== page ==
The first major agricultural Show of the season, the Northumberland County Show, is held in the town of Corbridge up in the beautiful Tyne Valley. Northumberland is the least populated county in terms of people in England but it is the most populated in terms of castles. Northumberland has a grand total of 39 castles which reflects its national importance in history. It used to be a part of the Roman Empire and was the home of many ancient noblemen. It isn’t now of course, but it still has a most beautiful and wild National Park. The Northumberland County Show in some form or other has been held, off and on since about1837 making this year’s show the 175th. Agricultural shows are all about showing your finest livestock and the showground was packed with animals of every shape and size. Some were being sheared or milked, some were jumping over fences, some were pulling things or chasing things and some were just looking woolly and cute. Alpacas were big at this year’s show. Alpacas are a relatively new addition to the agricultural arena. They have the cutest faces and their fine fleece is extremely dense and warm. They like to live in herds together and are a useful addition to a flock of sheep as they are good for keeping look out and will bravely see off marauding foxes, dogs or even wolves. The thing I find most intriguing about Alpacas is that they hum. They have lots of different hums depending on how they are feeling and will hum when they are unsure, bored, distressed, contented or fearful. In this, an Alpacas hum is not unlike a cat’s purr. Everyone knows a cat will purr if it’s content but it will also purr when is is extremely frightened or, I maintain, when it is thinking. I consider humming as a means of communications to be vastly underrated. Alpacas are easily outnumbered by all sorts of sheep at an agricultural show. There are some sheep who aren’t sure what’s going on….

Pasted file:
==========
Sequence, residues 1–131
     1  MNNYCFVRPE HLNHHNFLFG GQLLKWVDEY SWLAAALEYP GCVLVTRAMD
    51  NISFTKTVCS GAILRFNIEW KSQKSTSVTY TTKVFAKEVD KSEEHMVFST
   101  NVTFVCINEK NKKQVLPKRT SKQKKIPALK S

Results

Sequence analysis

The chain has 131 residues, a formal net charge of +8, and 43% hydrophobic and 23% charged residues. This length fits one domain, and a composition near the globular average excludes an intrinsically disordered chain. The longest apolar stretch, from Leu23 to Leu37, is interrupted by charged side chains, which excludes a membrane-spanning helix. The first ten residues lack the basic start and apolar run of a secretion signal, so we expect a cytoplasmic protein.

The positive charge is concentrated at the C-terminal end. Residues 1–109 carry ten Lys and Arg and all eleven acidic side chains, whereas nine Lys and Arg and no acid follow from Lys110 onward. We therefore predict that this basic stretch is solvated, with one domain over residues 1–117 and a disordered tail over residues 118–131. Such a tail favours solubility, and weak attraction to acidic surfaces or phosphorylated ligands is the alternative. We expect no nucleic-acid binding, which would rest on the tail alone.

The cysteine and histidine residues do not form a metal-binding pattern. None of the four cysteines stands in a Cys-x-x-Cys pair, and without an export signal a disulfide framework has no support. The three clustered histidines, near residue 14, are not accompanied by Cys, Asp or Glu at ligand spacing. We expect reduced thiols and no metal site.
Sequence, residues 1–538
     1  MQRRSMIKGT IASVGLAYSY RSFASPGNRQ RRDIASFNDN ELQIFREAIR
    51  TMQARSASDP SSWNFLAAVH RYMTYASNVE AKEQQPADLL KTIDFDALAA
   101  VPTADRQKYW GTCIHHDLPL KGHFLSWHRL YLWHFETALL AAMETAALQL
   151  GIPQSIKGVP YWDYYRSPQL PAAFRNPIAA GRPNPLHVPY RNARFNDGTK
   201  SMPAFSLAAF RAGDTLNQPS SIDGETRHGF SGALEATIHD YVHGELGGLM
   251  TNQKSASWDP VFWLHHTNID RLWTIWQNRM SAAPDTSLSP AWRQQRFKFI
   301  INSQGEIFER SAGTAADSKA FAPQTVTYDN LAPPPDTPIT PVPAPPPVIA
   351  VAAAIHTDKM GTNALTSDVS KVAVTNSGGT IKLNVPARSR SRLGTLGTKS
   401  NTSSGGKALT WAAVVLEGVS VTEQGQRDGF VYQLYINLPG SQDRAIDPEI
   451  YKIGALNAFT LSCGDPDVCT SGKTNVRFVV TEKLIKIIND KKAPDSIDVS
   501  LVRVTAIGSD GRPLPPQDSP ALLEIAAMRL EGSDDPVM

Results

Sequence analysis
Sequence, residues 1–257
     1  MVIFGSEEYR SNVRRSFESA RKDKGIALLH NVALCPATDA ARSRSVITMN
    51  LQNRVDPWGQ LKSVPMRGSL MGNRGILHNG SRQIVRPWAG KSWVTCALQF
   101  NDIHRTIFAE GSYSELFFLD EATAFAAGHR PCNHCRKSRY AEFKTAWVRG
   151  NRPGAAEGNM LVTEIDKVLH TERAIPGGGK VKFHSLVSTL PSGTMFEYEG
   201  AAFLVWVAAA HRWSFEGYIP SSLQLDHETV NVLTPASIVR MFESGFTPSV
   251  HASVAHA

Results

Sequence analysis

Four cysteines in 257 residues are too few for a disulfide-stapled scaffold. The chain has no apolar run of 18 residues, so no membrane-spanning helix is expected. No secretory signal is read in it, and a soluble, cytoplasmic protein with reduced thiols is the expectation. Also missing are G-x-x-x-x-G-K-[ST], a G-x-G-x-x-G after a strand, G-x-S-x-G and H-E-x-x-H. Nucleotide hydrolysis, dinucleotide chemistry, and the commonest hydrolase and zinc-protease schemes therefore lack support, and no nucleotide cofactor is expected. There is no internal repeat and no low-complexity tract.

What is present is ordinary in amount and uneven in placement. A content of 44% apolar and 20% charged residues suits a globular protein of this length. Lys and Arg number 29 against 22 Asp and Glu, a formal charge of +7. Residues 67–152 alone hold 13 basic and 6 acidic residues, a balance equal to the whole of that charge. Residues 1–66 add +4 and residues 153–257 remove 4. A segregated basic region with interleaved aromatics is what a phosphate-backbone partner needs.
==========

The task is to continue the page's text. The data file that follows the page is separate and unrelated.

What’s going on?….
Same to you!
The sheared and the unsheared
There are sheep who have been sheared and those who haven’t…There are sheep that are orange coloured and have strange names like Zwartbles.
Then there was the Morpeth hunt who turned up with their smart red coats and a whole pack of hounds doing that energetic milling about thing that they do when they’re trying to pick up a scent. The show commentator was doing a rousing promotional job on the hunt. See how friendly the foxhounds are! he exclaimed. What skilled working dogs with an amazing sense of smell they are! What a good job they do of eating up all the fallen cattle farmers can’t get rid of! How good they are at ridding our countryside of unwanted pests and vermin!
How much fun it is to follow the hunt and see parts of the countryside you might otherwise never see! It was very ‘roll roll up and see the bearded lady and the world’s fattest man!’ style of delivery. It’s true that when he asked the spectating children to come onto the show field and interact with the hounds there was a large influx of youngsters who piled in enthusiastically at high speed for hound hugging. The Art of the country show
Gaily hunt the hounds!
Of course there is other stuff there too. The obligatory birds of prey display was there as usual. The Harris Hawk, the Kestrel and the Little Owl were all well positioned to view the motorcycle stunt display team. The majestic golden Eagle however, was more interested in the refreshments.